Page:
AMD’s big New Horizon show last night went a long way to giving people confidence that its upcoming Zen processors will be competitive with Intel’s best. However beyond stock performance, Ryzen CPUs will also be able to take advantage of AMD’s Extended Frequency Range (XFR) feature, which should automatically overclock chips to their maximum potential, based entirely on how good the cooling is.
XFR is why AMD’s new Ryzen chips have frequency ratings like 3.4GHz+, because their eventual clock speed isn’t set in stone. While Intel chips will boost their frequency by switching to ‘Turbo’ when the going gets tough, Ryzen CPUs may do far more or less, depending on how strong your cooling solution is.
As one of the biggest limiting factors for an overclock, it makes sense that as cooling improves, the theoretical maximum clock speed is also increased. Instead of simple letting the user manually clock their chip to higher frequencies, AMD’s XFR system looks to remove much of the leg work and will boost clocks without intervention.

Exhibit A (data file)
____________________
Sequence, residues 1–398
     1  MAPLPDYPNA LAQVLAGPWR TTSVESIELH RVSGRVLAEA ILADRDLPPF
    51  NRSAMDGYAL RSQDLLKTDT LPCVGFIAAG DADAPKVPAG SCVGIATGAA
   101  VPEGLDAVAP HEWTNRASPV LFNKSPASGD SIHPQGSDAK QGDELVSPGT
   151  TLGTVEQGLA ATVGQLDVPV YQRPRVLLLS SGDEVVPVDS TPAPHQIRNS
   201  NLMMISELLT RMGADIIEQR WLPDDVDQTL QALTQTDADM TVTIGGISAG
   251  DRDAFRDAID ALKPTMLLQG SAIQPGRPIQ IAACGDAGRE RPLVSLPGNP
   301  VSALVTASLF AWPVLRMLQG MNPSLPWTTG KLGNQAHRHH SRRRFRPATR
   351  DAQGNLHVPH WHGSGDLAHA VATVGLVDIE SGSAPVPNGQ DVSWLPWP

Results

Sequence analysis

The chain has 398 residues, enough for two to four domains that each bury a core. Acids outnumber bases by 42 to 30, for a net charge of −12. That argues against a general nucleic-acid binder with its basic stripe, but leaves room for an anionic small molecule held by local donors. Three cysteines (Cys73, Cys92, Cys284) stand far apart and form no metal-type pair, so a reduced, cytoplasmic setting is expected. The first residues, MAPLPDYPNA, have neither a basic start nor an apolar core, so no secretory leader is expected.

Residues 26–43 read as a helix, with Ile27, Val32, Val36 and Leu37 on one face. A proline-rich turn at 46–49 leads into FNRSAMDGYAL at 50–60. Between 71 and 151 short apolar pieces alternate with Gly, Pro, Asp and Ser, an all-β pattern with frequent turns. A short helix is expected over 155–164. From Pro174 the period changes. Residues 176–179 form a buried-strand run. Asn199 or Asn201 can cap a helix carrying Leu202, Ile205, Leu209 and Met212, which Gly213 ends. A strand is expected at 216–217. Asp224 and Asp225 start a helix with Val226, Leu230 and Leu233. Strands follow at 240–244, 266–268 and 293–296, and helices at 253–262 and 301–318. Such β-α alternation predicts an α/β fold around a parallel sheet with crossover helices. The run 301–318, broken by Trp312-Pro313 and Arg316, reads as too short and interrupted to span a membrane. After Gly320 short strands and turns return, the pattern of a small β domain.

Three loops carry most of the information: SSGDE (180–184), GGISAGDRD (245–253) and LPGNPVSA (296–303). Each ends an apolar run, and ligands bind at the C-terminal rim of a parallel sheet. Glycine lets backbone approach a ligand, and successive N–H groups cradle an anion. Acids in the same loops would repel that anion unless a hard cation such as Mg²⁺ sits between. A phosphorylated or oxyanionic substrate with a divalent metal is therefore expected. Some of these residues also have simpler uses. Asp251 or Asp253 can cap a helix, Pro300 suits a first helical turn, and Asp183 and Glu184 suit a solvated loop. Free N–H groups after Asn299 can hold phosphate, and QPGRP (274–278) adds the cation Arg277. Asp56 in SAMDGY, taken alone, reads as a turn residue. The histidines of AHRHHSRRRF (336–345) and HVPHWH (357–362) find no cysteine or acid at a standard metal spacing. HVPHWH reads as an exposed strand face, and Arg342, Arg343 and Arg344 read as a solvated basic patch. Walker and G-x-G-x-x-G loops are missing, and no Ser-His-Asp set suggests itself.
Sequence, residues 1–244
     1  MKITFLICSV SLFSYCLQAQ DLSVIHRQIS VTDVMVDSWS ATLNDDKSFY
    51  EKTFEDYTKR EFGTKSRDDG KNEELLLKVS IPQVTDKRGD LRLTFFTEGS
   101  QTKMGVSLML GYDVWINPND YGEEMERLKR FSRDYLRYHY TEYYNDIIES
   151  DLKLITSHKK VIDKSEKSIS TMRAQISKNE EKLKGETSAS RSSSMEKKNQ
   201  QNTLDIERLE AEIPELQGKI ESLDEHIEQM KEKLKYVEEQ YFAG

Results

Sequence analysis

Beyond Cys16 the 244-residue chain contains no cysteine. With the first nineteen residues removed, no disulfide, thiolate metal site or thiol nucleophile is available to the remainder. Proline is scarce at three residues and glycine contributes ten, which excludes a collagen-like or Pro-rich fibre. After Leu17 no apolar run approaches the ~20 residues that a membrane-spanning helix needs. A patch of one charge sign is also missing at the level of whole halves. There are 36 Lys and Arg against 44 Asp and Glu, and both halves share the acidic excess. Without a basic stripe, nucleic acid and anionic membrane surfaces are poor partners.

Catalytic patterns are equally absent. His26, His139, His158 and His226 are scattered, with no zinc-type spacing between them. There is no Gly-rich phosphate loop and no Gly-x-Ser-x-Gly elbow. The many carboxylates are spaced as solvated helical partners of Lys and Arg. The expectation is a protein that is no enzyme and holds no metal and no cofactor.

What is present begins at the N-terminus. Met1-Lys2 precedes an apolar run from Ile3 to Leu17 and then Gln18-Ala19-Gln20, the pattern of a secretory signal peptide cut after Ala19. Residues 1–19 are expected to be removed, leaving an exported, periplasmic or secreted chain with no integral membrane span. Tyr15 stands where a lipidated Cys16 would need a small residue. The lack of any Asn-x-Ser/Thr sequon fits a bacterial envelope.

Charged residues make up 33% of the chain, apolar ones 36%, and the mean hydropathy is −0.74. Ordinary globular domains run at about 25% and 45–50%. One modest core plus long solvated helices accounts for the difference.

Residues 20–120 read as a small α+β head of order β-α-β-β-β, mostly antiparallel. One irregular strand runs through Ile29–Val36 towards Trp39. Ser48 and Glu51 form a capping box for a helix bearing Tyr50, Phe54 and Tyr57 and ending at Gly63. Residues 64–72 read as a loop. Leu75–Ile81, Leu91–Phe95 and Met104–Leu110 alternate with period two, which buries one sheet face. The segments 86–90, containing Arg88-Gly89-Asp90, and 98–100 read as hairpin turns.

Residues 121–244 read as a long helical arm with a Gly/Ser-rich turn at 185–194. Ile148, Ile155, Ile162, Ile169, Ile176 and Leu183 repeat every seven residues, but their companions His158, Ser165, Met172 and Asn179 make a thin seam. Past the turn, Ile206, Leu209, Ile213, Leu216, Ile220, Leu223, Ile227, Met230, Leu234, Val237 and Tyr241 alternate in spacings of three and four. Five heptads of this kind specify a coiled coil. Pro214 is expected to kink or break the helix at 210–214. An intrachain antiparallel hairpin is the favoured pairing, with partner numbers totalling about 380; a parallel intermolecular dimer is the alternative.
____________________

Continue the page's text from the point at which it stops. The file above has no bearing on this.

Although we don’t know for sure, there’s also the possibility that the chip could underclock unused cores when running applications that can’t take advantage of them all, in order to give more head room to the ones which are in use.
Going hand in hand with XFR is AMD’s Precision Boost, which will make millisecond, to millisecond adjustments to clock speeds in 25Mhz increments. The idea is to offer the maximum performance possible, without affecting power draw. To keep a handle on that power and the temperature of the chip, Pure Power is a management feature which will monitor those important aspects of the CPU, feeding them back into the system to allow for all the dynamic adjustments.
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KitGuru Says: At this stage we still don’t know how effective a tool XFR will be and the vagueries surrounding its announcement could suggest that it won’t be quite as capable as the marketing suggests, but it’s certainly an interesting feature which would be great for those of us who don’t want to manually find out a chip’s maximum clock potential.